My long answer, much too long for today, involves casual and suggestive mentions of child psychology, Stalin, Robert Penn Warren, Jean-Luc Godard, Sputnik, the year 1968, Richard Nixon, environmental degredation, gay liberation, the Equal Rights Amendment, Affirmative Action, Jerry Falwell, Tipper Gore, the Dead Kennedys, "The Real World", "Survivor", Al Sharpton, Oliver North, Dr. Laura, Oprah, The Daily Show, JT Leroy, plastic surgery, Jack Abramoff, Dick Cheney's shotgun, Myspace.com, Cory Doctorow, and that annoying Billy Joel song "We Didn't Start the Fire". Among other things. Welcome to the dessert of the real.

Because we have limited time, I'm going to ask you to imagine there is a real transition here, because I would like to seize on some ideas that spawned this discussion. One of the descriptions I got for this panel included the sentence, "The old notions of disparaging writing that incorporates strategies commonly associated with the labels of science fiction, fantasy, horror are shifting dramatically." Unless I'm misreading things, this assumes that science fiction, fantasy, and horror are nonrealist writing of some sort.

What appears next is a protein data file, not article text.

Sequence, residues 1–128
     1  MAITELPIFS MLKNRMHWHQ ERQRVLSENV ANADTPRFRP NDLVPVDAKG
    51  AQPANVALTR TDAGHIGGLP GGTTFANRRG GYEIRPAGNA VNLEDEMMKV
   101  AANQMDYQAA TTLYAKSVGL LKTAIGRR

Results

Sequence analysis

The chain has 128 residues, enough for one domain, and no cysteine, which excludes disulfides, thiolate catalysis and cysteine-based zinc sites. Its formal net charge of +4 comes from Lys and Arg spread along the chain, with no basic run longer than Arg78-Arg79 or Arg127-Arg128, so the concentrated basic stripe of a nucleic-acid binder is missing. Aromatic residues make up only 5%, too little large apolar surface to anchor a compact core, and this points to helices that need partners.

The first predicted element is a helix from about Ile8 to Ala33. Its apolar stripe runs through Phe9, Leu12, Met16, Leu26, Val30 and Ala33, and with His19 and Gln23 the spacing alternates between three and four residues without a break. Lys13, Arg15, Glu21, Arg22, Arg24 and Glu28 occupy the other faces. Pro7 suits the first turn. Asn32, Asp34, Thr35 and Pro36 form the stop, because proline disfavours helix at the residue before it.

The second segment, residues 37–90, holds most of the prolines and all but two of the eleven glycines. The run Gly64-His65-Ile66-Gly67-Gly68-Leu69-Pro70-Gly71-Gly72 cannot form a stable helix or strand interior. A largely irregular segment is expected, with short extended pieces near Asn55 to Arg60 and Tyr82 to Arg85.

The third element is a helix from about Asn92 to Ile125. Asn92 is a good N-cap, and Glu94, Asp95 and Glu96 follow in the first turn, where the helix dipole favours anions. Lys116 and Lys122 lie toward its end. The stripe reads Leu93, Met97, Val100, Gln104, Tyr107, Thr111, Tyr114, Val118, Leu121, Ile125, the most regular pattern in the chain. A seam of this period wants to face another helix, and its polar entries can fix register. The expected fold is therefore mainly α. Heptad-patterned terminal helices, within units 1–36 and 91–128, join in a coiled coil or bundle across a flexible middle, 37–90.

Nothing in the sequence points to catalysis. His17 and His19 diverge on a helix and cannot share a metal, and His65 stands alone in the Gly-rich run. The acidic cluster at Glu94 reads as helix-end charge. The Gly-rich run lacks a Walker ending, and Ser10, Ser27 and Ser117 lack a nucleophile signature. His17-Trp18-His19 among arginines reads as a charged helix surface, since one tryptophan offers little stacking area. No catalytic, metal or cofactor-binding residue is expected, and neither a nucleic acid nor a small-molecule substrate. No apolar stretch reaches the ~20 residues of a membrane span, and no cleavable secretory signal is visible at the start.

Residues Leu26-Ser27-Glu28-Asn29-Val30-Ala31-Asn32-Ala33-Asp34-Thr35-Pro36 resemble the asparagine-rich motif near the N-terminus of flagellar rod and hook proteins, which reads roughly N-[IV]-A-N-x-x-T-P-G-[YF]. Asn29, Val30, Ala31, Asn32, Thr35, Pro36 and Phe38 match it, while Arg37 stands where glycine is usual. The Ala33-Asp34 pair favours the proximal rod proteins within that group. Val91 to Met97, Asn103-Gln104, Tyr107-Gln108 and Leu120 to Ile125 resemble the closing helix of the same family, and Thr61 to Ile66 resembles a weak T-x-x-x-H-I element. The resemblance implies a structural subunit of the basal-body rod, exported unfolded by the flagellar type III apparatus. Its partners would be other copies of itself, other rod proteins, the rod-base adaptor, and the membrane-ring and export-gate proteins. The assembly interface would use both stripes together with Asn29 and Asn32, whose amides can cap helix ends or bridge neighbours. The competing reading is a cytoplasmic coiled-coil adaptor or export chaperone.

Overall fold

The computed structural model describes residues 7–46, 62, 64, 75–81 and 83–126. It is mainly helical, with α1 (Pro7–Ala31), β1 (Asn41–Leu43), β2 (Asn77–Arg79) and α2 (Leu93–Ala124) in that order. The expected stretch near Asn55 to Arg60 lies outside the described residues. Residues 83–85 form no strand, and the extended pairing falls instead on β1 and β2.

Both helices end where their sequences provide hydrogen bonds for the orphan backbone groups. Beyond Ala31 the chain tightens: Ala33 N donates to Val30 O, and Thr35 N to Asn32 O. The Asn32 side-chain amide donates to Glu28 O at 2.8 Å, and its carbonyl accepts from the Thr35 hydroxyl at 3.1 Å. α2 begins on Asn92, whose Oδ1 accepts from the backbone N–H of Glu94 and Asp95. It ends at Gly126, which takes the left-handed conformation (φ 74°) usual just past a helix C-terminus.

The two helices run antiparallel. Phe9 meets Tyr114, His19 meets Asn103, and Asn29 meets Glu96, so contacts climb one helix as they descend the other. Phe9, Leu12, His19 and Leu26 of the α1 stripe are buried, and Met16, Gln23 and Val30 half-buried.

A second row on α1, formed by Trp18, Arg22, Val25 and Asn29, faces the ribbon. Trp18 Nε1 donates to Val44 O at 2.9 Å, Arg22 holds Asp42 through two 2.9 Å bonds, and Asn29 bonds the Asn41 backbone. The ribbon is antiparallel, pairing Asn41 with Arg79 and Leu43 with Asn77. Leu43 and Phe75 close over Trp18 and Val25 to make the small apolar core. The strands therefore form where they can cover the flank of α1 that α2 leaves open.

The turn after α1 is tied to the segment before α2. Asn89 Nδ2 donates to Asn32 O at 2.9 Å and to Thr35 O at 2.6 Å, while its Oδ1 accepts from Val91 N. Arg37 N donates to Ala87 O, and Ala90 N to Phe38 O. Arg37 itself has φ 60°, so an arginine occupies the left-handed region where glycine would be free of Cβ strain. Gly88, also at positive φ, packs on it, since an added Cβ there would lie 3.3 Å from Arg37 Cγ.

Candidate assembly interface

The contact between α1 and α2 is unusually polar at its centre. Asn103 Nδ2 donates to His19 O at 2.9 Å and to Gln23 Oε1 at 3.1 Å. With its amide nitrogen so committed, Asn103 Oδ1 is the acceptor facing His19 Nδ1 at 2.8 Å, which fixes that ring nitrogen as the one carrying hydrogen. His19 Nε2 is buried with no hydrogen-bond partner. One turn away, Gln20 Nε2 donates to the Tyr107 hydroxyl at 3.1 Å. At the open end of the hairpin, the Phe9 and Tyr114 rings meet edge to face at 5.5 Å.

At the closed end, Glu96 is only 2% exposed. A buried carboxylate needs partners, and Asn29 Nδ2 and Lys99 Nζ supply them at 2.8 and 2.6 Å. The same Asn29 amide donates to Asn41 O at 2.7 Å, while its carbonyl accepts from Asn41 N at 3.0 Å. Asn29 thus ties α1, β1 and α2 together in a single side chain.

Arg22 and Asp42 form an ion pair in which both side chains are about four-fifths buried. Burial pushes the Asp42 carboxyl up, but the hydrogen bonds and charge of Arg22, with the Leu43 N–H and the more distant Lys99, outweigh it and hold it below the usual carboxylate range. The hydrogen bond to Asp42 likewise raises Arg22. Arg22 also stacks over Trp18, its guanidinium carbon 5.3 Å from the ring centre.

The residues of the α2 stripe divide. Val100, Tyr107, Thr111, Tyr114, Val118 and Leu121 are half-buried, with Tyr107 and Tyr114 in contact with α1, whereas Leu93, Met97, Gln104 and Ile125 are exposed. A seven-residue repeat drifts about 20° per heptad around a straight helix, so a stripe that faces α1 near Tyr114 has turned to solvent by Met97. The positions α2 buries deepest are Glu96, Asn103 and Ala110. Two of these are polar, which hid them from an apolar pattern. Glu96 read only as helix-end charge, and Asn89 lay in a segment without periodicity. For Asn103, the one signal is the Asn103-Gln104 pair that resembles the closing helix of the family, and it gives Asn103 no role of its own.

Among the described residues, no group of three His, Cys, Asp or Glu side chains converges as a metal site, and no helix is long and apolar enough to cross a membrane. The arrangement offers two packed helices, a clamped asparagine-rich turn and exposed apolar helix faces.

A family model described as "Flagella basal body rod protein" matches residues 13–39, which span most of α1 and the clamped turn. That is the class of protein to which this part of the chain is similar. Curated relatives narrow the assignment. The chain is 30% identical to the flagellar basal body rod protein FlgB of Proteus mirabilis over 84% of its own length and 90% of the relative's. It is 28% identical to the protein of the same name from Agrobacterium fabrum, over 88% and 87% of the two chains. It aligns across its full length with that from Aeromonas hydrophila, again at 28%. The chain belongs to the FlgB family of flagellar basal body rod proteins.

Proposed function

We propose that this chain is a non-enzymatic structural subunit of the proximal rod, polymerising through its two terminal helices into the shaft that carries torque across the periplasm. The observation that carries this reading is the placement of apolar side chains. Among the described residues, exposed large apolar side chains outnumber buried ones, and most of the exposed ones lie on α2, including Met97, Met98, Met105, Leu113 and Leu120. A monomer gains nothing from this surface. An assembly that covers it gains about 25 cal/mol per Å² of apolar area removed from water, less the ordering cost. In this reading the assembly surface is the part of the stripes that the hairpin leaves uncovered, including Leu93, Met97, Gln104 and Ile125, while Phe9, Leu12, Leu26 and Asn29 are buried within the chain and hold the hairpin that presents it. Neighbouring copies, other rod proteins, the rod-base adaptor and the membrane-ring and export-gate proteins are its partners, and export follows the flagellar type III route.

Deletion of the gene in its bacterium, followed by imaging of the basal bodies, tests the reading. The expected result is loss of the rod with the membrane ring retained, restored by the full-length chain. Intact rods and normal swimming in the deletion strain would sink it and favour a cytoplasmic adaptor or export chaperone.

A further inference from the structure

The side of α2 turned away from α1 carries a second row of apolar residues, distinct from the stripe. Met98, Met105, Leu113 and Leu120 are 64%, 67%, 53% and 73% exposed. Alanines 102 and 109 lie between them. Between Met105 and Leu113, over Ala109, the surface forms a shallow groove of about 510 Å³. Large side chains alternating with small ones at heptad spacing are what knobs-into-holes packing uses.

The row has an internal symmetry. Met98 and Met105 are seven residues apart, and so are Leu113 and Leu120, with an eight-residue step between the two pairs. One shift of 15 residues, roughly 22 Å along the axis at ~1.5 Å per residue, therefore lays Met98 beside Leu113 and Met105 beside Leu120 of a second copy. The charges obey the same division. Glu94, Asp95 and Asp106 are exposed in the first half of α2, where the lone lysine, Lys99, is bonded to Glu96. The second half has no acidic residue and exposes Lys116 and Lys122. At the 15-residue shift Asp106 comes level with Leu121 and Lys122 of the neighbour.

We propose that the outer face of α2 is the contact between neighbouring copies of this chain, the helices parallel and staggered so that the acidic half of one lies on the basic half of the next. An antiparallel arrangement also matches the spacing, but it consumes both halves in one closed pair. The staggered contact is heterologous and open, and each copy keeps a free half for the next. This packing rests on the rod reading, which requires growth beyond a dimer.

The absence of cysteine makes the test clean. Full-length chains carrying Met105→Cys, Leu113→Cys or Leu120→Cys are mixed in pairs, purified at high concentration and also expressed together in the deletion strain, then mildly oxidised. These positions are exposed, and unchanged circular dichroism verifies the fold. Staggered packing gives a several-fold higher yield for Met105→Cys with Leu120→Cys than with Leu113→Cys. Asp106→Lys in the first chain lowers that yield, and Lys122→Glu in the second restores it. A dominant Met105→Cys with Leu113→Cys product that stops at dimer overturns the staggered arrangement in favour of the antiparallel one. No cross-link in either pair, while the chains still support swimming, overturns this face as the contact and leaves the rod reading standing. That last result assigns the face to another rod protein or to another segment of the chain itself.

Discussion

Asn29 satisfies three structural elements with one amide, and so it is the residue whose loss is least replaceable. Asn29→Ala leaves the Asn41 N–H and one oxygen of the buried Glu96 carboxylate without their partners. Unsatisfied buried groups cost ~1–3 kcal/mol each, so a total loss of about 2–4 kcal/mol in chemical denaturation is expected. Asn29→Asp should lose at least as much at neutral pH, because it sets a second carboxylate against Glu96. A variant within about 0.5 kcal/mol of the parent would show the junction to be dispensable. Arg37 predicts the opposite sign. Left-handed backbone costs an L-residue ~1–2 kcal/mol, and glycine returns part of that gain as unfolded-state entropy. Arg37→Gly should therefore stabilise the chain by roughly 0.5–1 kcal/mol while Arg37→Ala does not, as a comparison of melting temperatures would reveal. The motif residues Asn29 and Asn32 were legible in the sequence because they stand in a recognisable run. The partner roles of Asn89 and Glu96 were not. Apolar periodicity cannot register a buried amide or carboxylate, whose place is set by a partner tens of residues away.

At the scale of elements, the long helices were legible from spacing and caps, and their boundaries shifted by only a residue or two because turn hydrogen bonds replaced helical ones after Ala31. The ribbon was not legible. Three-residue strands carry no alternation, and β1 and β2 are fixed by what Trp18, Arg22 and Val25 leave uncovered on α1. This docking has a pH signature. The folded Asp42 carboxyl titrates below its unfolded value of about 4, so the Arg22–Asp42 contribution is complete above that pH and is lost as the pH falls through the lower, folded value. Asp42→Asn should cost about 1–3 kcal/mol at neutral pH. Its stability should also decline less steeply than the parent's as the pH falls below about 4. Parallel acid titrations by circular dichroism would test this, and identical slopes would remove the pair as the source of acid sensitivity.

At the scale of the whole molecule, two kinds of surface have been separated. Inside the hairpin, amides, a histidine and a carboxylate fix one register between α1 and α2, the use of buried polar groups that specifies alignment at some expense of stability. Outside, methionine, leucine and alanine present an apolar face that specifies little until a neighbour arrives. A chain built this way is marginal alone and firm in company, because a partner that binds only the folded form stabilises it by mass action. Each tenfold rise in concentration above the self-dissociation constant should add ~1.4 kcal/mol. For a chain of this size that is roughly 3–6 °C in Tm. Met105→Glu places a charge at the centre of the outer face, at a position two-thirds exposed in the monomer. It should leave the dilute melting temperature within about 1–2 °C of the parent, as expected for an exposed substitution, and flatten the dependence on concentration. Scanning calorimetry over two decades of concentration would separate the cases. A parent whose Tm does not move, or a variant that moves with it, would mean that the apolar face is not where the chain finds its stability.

Therefore, it seems that there is an implied definition of realist writing here that excludes elements associated with science fiction, fantasy, and horror. Realist writing as it is constructed here seems to be writing that does not deviate from events we know are possible within whatever world it is we consider the real one.

Such a definition of realist excludes much of the best literature created throughout human history. That alone should be enough to make us say that nonrealist writing deserves to be valued as much as realist writing. Make a list of ten writers you think are the best who ever lived; how many of them wrote only about events and actions that could actually happen in the world they lived in?

But (I hear you cry) nobody is calling for good literature to be ignored, marginalized, laughed at, forgotten, destroyed. Of course not. Us? Even that bizarre old adventure writer Herman Melville wrote a couple things worth saving. No no no, the truth is we all know what we're talking about. We're talking about crap. Thankfully, publishers and booksellers label the crap so we can avoid it. If you want crap, buy something labelled science fiction, fantasy, or horror. If you want something that is great art, buy something labelled Fiction/Literature.